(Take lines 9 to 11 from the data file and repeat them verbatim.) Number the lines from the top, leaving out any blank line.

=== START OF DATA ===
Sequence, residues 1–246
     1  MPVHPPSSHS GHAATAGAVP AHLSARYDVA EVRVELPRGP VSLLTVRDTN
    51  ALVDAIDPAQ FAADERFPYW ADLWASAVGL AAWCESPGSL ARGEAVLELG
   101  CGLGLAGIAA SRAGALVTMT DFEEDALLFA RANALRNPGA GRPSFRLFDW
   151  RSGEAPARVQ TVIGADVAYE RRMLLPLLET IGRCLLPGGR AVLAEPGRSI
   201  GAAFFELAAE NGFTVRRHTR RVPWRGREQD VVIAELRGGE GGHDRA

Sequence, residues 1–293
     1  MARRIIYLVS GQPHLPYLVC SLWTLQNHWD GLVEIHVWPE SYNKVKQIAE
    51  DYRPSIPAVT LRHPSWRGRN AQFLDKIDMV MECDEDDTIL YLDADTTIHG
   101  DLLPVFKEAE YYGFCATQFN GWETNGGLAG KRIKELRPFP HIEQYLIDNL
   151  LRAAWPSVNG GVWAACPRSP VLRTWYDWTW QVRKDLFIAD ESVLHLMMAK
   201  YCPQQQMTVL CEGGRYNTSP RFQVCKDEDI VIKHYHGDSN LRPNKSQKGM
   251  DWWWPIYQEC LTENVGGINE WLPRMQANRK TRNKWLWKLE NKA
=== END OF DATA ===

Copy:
    51  DYRPSIPAVT LRHPSWRGRN AQFLDKIDMV MECDEDDTIL YLDADTTIHG
   101  DLLPVFKEAE YYGFCATQFN GWETNGGLAG KRIKELRPFP HIEQYLIDNL
   151  LRAAWPSVNG GVWAACPRSP VLRTWYDWTW QVRKDLFIAD ESVLHLMMAK